‘Things are going to get worse’: COVID positivity keeps rising as case rates flatten

·5 min read

California’s COVID-19 positivity rate continues to climb, surpassing anything the state has seen this year.

The California Department of Public Health on Tuesday reported the statewide positivity rate at 13.2%, up from 11.4% the previous week. The rate has increased tenfold since early April as new, more transmissible variants grow throughout the state.

The state has simultaneously seen a drop in its case rate, which now sits at 34.5, down 3.6% from last week. But that can, in part, be attributed to low testing levels across the state, according to health officials. Testing rates have been plummeting since the beginning of June, and are now down by over 30%, as Californians decline to test or opt to use at-home rapid tests, which are not reported to the state.

Following statewide trends, Sacramento County’s positivity rate has swelled to 13.5% in the past week, up from 12.4%.

Placer, El Dorado and Yolo counties have also seen positivity rates grow this week — they now stand at 13%, 15.2% and 7.7%, respectively.

Statewide hospitalizations also continue to rise, up 13% from June 18 to June 25. The state says 3,177 people are currently hospitalized with the virus. The uptick, however, has not been accompanied by a rising death rate; fatalities have remained steady in the state since April.

BA.4, BA.5 variants dominate

The BA.4 and BA.5 omicron variants are now the dominant strains of coronavirus in California and across the country, new data from the U.S. Center for Disease Control and Prevention shows.

The new strains have been labeled “variants of concern” by the CDC and various European agencies, and are widely believed to be slightly more transmissible than other omicron strains. According to Yolo County health officer Dr. Aimee Sisson, the new variants also pose a concern because they can easily reinfect people who recently had other versions of omicron.

This week, CDC data showed that the newer variants now make up more than 50% of cases nationwide.

In the CDC reporting region that includes California and much of the West, BA.4 and BA.5 combined to make up 53.2% of all new cases in the week ending June 25. BA.2.12.1 and BA.2, meanwhile, made up 46.8% of new cases.

The most recent numbers out of Yolo County — the only Sacramento-area county that sequences for BA.4 and BA.5 — showed that the new strains made up 37.4% of cases in the week ending June 18. Sisson said last week that she expects BA.4 and BA.5 to become dominant in the county this week.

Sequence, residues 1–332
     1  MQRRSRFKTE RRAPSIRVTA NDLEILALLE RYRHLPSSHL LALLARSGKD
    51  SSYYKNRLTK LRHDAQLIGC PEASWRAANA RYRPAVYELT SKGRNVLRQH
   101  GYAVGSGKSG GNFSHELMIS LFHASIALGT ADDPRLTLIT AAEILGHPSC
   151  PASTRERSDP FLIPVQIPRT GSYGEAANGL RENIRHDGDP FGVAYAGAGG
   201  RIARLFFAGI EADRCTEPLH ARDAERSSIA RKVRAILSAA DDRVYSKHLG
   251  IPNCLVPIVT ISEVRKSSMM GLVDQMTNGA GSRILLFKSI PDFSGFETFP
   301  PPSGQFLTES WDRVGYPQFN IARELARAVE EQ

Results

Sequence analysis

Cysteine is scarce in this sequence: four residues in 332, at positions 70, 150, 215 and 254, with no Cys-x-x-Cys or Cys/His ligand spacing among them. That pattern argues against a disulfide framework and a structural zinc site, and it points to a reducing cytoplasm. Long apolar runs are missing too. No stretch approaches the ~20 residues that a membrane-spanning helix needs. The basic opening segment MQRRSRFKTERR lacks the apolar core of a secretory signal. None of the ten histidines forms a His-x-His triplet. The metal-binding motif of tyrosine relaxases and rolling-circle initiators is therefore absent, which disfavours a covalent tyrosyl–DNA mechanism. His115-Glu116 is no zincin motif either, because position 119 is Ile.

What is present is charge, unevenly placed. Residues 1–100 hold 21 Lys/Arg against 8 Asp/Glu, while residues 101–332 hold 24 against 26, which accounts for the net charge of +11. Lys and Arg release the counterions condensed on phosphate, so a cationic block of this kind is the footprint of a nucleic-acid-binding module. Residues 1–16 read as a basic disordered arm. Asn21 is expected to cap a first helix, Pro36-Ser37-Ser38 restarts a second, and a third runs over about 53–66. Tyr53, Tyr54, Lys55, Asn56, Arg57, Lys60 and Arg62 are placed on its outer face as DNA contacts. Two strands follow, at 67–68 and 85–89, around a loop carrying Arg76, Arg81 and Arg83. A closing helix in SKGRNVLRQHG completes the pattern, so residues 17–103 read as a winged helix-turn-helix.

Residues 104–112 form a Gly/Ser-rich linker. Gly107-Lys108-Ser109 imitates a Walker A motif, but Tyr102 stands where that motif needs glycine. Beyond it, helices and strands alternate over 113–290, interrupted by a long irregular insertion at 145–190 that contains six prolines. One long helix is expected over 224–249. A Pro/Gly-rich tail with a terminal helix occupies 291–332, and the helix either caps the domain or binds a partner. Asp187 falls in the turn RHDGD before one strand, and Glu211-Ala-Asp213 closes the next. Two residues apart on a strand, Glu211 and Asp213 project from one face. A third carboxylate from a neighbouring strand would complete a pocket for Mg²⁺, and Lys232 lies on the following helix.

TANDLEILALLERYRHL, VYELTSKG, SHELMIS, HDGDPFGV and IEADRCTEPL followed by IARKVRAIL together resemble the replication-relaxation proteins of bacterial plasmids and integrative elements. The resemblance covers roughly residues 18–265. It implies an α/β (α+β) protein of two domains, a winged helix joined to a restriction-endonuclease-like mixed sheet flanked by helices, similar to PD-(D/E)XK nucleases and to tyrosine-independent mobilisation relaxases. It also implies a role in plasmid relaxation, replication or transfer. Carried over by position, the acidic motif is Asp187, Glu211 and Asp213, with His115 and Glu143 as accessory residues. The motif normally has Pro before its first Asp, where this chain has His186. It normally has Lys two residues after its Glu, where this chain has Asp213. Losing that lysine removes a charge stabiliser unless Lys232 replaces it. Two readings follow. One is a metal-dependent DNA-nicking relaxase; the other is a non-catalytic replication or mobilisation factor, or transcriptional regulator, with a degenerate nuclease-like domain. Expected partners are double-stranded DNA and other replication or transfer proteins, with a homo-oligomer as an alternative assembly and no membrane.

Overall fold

“I do think that things are going to get worse before they get better in terms of case rates as well as community transmission,” Sisson said in an interview last week, attributing her concern to the growth of BA.4 and BA.5.

Bay-area county drops mask mandate

Twenty-five of California’s 58 counties — including Sacramento and Yolo — are categorized in the CDC’s “high” community level of spread and are recommended by the agency to have an indoor mask mandate in place.

Yet in the last month, only Alameda County had instituted such a mask mandate — and on Friday health officials dropped it entirely.

The county announced the end of its indoor mask mandate after falling to the CDC’s “medium” community spread level.

In a news release, county health officials cited declining case numbers and stabilizing daily hospital intakes as reasons for lifting the mandate. Indoor masking still remains “strongly recommended,” the release said.

Alameda County was the last major California jurisdiction with an indoor mask mandate.

Sacramento-area case rates, hospitalizations fluctuate

Sacramento County’s latest case rate — reflecting the week ending June 20 — is 34.5 per 100,000 residents, state health officials said in Tuesday’s update. This marks a 6.3% decrease from the case rate one week ago, and a .6% decrease from the most recent metric released Friday.

Hospitals in Sacramento County were treating 198 COVID-19 patients on Monday, state data shows, up 3.1% from 192 one week earlier. The intensive care unit total was 25, up four from last week.

Placer County’s latest case rate is 21.9 per 100,000 residents, a 17.3% decrease from one week earlier.

Hospitals in Placer County were treating 85 virus patients Monday, up from 76 one week earlier. The ICU total dropped to six from seven.

Yolo County’s latest case rate is 40.8 per 100,000 residents, a 12.6% increase from one week earlier. It has the seventh-largest case rate of any California county.

Hospitals in Yolo County were treating nine virus patients Monday, up from three a week earlier. The ICU total dropped to one from two.

El Dorado County’s latest case rate is 23.9 per 100,000 residents, a 2.1% increase from one week earlier.

Hospitals in El Dorado County were treating six virus patients Monday, the same as a week earlier. The ICU total remained at one.

Sutter County’s latest case rate is 26.5 per 100,000 residents, up 1.1% from last week, and Yuba County’s is 25.9 per 100,000, down 16.7%, state health officials reported Tuesday.

The single hospital serving both Yuba and Sutter counties was treating 12 virus patients Monday, down from 18 a week earlier. The ICU total dropped to two from five.

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